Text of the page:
If someone started a food park, they could create a place where food trucks can dump grease or wastewater, he said.
“At this point, they can go to any private property that wants to have them,” Roden said.
A business or apartment complex could invite food trucks to set up in a parking lot to offer employees, customers and residents something different.
“It’s just a matter of people making the right connections,” Roden said.
Tyler Griffis, who co-owns Happy Camper’s with Kaydi Moreland, said his main concern is the commissary kitchen requirement.
“There are not many businesses willing to open up their kitchen and be liable to what you do,” he said.
Griffis decided to get into the food truck business when his job at Bahama Buck’s ended and his grandfather gave him a 1959 Shasta trailer.
He had been the manager at the Denton Bahama Buck’s, which sells shaved ice, and decided he would turn that experience into a business of his own when it shut down.
“It’s the commercial kitchen thing that’s getting us,” he said. “That’s the burden right now.”
But Happy Camper’s, which offers shaved ice, hand-squeezed lemonade and ice cream floats, has had success selling at the Denton Community Market and at Newton Rayzor Elementary School’s Harvest Festival.
At 35 Denton, the food truck started selling hot chocolate because of the cold weather during the festival.
Griffis said the food truck had a lot of success during 35 Denton.
“It makes us hungry to get this going,” he said. “A lot of people are excited about it.”
Holcomb said the commissary kitchen is a place for the food truck owner to store food and receive food; it provides a home base.
“[You] need to have a home base where you can store food,” he said.
Holcomb said another area of concern he’s heard from other food truck owners is the Type I hood that’s required. He already has one installed, so it wasn’t an issue for him.
“It’s being perceived as a barrier of entry,” he said. “People are wondering if it’s been put in place to limit people from coming into the business.”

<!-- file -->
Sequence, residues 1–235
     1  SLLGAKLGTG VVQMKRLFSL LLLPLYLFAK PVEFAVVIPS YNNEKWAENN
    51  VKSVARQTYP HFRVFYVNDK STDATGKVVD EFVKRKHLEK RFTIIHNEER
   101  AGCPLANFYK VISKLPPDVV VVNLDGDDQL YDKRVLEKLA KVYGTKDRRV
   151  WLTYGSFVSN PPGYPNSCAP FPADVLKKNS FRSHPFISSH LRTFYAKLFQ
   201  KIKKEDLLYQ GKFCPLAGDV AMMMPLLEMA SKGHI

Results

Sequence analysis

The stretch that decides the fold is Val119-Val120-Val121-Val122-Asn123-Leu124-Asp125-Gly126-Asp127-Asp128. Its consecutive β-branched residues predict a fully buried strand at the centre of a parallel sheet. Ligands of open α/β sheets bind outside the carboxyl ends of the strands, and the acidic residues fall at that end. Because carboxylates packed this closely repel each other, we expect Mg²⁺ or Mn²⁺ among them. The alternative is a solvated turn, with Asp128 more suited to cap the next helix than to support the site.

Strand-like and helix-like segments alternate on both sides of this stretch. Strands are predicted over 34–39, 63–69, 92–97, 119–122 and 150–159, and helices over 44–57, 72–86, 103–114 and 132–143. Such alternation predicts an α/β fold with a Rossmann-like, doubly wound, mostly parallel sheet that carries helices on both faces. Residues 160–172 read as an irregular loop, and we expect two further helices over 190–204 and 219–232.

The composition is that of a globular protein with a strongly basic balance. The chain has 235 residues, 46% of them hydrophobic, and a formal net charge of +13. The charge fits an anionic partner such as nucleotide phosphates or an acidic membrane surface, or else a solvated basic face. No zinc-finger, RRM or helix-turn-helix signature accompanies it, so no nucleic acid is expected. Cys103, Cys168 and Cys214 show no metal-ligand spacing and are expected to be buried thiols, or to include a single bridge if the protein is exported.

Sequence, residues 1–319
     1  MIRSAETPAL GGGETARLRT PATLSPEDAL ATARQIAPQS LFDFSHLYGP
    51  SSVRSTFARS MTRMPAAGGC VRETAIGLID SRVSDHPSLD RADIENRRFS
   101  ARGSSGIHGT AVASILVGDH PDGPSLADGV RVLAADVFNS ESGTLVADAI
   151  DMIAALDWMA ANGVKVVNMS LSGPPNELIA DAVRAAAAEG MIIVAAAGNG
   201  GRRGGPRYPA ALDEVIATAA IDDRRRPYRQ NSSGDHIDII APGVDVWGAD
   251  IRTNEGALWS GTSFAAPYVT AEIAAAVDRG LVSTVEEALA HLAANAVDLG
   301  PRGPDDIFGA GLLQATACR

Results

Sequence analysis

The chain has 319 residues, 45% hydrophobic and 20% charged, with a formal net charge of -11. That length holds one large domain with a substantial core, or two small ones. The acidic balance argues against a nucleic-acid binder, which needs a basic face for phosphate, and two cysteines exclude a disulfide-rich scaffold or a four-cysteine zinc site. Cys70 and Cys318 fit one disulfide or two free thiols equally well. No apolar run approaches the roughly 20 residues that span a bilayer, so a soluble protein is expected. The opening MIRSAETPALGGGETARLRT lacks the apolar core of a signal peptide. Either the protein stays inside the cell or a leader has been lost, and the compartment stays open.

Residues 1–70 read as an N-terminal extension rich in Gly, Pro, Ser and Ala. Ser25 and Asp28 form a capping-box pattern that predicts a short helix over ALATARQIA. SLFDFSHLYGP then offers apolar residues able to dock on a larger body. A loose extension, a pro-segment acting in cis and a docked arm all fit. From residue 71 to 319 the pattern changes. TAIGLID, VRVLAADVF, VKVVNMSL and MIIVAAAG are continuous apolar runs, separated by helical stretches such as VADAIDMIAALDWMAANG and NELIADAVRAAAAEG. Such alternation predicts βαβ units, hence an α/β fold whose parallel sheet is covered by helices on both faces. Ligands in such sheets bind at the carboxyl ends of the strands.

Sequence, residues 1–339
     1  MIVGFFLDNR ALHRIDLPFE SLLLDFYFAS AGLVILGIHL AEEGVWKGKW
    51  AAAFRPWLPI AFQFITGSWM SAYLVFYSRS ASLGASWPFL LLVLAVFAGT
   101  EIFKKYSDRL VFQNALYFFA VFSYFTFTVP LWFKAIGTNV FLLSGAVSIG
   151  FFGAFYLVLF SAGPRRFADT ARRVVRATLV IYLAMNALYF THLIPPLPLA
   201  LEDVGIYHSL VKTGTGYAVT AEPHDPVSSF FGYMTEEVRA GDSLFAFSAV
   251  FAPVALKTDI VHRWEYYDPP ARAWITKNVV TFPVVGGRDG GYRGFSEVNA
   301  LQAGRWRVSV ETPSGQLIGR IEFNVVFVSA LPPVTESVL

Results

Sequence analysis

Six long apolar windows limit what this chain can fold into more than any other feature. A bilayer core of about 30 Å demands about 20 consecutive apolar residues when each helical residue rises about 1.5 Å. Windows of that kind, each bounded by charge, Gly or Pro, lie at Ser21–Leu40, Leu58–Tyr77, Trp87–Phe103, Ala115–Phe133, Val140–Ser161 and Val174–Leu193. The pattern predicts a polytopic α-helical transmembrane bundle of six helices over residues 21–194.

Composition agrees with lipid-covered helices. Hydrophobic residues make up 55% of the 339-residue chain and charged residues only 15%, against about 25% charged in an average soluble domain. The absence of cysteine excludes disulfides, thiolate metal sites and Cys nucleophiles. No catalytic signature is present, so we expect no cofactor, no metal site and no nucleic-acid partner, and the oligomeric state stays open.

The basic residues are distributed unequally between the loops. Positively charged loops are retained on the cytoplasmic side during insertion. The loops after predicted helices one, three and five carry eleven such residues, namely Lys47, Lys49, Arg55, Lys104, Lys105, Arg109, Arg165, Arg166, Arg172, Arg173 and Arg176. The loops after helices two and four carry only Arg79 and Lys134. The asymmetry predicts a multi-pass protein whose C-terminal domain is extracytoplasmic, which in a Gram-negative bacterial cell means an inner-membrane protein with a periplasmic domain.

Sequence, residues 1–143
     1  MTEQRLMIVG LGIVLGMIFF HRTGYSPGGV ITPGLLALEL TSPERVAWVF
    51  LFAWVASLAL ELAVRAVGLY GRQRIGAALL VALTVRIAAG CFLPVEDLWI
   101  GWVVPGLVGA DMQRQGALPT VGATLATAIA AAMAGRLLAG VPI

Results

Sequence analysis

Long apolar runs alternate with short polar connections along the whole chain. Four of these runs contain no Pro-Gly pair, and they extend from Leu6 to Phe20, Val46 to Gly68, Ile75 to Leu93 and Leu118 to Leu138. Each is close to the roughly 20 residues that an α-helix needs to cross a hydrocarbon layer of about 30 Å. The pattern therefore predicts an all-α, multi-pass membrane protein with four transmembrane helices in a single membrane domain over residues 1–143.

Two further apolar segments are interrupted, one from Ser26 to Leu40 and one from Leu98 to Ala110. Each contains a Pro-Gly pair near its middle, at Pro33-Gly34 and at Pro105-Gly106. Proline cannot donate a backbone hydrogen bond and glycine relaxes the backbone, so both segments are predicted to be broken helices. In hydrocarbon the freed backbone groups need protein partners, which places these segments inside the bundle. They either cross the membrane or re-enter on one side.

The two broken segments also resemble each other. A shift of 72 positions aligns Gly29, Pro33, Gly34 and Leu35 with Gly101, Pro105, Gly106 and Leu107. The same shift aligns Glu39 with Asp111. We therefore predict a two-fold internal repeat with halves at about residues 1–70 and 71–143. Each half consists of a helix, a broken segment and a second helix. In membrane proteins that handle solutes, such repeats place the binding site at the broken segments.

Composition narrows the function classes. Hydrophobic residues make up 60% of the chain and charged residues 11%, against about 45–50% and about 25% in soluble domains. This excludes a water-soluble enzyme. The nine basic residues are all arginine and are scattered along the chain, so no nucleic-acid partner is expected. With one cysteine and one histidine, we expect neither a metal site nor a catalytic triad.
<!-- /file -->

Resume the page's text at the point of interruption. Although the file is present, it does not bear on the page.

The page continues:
Holcomb, a University of North Texas student, is working on getting an annual license.
“We’re glad everything they’re asking for is doable,” Holcomb said.
In the meantime, he plans to sell at the university.
UNT began contracting with food trucks last year. It wanted to provide students different food options.
The university doesn’t have the same regulations as the city. UNT’s health inspector checks the trucks.
UNT also takes a commission from the daily sales of the food trucks, which is on average about 10 percent.
Roden said it’s going to take time to build the food truck culture in Denton.
At this point, food trucks from Dallas and Fort Worth see coming to Denton as a risk unless they’re coming for a specific event, like 35 Denton, where they have guaranteed business.
“There is a market if we package something for them,” Roden said, mentioning Friday Night Bites, a food truck festival that drew crowds in October. The city planned the event to celebrate the return and expansion of the A-train’s Friday night service.
“We’ve got so many events, festivals, things like that, we can help kick-start the culture by bringing them in like that,” Roden said.
RACHEL MEHLHAFF can be reached at 940-566-6889. Her e-mail address is firstname.lastname@example.org .